There are many ways to think fundamentally about the concept of mathematics. One way is to separate the subject into how to write math (oftentimes, algebra) and how to draw it (oftentimes, geometry). A coordinate plane graph lives in the space between writing and drawing mathematics, as the graph can often be described both by written equations and visual shapes.
In the U.S., students in Grades 5 and up typically first learn to perform x- and y-axis graphing on a coordinate plane. Once they are ready for positive and negative integers, often by Grade 6, you can extend graphing to all four quadrants of the coordinate plane.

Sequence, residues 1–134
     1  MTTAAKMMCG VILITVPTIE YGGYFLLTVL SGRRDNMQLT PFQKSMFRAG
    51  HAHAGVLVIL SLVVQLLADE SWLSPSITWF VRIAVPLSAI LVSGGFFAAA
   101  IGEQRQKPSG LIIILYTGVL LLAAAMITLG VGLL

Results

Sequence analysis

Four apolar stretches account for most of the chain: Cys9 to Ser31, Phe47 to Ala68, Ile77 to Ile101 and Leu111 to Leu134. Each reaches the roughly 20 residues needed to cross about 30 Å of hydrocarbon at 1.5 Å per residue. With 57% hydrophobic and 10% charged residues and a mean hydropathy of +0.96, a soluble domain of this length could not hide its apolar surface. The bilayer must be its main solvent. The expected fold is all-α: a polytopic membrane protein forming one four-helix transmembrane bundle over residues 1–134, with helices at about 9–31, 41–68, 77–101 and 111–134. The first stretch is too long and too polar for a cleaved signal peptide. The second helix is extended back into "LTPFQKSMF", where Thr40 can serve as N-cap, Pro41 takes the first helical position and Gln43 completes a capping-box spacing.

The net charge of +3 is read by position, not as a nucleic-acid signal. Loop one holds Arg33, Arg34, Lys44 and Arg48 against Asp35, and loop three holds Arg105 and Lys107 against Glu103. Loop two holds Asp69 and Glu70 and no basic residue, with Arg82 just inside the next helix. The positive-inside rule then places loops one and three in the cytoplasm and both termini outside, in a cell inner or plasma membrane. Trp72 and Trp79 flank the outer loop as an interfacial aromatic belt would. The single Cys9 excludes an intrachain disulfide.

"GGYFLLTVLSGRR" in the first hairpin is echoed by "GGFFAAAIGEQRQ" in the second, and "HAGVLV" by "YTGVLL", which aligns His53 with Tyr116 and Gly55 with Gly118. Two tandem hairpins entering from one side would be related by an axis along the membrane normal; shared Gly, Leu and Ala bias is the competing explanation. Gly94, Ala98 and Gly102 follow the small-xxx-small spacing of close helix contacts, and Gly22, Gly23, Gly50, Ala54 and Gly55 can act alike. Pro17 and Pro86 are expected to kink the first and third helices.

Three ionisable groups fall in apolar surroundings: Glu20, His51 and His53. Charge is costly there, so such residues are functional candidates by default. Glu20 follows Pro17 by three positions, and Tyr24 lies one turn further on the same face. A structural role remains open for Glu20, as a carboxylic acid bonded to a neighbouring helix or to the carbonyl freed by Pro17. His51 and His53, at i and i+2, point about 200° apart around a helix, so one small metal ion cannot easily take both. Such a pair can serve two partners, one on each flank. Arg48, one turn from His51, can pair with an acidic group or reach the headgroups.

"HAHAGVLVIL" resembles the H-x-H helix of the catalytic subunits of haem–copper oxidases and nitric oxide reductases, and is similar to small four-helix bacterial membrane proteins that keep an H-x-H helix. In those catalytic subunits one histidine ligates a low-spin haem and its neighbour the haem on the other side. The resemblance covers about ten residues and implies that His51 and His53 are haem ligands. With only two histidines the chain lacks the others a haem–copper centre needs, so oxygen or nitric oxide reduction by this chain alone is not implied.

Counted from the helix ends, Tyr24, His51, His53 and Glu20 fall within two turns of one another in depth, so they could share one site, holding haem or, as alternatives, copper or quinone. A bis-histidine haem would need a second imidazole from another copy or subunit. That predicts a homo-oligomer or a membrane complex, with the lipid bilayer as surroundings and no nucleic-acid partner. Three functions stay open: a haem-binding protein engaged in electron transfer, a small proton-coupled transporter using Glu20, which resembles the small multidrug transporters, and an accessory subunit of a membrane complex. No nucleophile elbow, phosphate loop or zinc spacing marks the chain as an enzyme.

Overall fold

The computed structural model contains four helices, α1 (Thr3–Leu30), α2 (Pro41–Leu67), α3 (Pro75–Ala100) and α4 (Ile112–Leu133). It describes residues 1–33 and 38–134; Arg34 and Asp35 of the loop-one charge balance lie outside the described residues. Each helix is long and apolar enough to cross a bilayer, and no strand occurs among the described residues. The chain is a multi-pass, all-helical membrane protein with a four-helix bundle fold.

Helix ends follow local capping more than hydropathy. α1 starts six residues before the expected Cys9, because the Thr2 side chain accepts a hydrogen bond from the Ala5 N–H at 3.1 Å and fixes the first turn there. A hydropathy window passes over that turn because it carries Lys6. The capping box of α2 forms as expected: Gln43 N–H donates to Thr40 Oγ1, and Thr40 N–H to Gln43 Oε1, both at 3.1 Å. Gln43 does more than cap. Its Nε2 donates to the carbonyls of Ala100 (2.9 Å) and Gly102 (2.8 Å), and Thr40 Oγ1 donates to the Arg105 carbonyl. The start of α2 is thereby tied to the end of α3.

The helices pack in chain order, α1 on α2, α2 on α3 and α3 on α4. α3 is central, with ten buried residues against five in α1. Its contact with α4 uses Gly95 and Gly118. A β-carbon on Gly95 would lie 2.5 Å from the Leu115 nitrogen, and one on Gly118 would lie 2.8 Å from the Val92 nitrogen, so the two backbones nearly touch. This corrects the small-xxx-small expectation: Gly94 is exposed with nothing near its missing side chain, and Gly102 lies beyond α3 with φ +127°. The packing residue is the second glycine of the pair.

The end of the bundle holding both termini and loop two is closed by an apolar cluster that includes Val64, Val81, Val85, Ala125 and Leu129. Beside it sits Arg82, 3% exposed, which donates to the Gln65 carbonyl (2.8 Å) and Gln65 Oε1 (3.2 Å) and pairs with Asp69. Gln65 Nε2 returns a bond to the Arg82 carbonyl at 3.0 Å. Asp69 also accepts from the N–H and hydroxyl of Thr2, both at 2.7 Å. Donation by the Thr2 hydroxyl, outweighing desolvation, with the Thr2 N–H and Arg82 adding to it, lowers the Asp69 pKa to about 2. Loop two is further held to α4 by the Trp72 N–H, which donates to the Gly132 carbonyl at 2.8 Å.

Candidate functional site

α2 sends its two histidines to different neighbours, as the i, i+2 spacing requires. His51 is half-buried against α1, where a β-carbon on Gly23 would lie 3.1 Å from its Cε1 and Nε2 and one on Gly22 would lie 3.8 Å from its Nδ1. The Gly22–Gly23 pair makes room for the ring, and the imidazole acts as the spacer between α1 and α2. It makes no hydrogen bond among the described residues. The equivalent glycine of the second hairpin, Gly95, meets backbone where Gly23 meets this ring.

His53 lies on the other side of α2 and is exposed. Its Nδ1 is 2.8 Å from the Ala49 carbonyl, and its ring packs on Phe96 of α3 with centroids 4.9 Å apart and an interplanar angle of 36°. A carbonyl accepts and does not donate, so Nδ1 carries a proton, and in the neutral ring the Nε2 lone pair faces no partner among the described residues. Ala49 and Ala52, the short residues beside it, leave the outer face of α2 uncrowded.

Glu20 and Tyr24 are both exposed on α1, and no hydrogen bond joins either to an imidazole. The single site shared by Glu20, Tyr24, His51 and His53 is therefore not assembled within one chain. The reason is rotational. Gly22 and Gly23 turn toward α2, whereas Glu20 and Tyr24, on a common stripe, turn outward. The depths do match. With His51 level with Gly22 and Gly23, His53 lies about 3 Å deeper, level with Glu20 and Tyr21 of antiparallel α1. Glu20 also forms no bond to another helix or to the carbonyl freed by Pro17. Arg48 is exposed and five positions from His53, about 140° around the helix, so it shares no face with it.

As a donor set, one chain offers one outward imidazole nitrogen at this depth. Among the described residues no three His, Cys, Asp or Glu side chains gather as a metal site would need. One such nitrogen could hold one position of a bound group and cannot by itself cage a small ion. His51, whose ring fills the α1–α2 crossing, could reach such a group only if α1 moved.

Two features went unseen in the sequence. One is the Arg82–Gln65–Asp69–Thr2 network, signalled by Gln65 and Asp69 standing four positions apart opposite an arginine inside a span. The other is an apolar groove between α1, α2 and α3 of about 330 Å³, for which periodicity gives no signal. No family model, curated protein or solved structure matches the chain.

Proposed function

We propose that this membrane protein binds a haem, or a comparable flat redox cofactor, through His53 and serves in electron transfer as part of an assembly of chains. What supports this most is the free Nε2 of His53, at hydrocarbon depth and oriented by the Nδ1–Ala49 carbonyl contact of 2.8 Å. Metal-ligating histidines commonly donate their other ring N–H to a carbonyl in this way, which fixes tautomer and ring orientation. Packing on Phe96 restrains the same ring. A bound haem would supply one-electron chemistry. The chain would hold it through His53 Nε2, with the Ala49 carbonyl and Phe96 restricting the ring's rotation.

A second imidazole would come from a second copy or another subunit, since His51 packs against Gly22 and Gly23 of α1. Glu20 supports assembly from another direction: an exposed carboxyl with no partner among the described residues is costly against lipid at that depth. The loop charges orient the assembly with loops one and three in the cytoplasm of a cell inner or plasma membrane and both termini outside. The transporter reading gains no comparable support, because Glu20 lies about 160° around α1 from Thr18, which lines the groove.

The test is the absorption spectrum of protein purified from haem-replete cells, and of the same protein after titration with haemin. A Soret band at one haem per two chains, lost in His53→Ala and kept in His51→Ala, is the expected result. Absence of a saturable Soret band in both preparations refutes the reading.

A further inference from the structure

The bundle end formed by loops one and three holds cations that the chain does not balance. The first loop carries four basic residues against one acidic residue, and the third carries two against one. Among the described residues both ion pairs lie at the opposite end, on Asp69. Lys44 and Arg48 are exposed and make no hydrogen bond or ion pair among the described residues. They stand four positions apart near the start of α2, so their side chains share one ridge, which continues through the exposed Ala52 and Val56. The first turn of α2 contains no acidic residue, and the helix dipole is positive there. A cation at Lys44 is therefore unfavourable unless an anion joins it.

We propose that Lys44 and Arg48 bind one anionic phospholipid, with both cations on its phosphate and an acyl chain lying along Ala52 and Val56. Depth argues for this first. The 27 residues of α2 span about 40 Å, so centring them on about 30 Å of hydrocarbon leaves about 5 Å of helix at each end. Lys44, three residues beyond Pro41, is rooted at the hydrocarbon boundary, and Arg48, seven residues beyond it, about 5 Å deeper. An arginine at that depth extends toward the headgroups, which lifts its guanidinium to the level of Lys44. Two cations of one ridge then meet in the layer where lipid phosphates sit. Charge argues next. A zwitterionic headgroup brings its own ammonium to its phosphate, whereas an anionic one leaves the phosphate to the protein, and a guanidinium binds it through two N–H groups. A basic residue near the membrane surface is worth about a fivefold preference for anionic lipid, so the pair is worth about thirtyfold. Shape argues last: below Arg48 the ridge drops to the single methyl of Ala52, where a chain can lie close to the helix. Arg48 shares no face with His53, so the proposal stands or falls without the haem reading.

- Key Standard: Graph points in all four quadrants of the coordinate plane. (Common Core 6.NS.C.8, Florida BEST MA.6.GR.1.1)
Points on a Grid
A location, or point, on a grid can be identified by an ordered pair such as (3,2), which names the coordinates of that point. The first number tells how far to the right or left the point is located in the horizontal direction. The second number tells how far up or down the point is located in the vertical direction. Note that the point (3,2) is not the same as point (2,3). The numbers in an ordered pair are called coordinates.
Be the first to read the latest from Shaped.